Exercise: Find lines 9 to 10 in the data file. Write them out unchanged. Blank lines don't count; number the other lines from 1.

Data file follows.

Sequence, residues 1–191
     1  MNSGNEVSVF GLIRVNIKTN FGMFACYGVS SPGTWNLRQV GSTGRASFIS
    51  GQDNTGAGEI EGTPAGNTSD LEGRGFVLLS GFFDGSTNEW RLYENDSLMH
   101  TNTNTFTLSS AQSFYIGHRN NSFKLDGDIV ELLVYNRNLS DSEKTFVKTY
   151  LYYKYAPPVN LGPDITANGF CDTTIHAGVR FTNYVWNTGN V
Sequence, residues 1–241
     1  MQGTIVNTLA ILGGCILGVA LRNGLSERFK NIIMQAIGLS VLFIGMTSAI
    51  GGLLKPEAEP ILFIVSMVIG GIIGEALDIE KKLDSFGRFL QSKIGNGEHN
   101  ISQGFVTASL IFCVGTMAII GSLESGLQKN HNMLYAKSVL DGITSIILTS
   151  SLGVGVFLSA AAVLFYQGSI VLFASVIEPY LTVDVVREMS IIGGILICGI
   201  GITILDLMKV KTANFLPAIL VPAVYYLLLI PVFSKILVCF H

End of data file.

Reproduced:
   101  ISQGFVTASL IFCVGTMAII GSLESGLQKN HNMLYAKSVL DGITSIILTS
   151  SLGVGVFLSA AAVLFYQGSI VLFASVIEPY LTVDVVREMS IIGGILICGI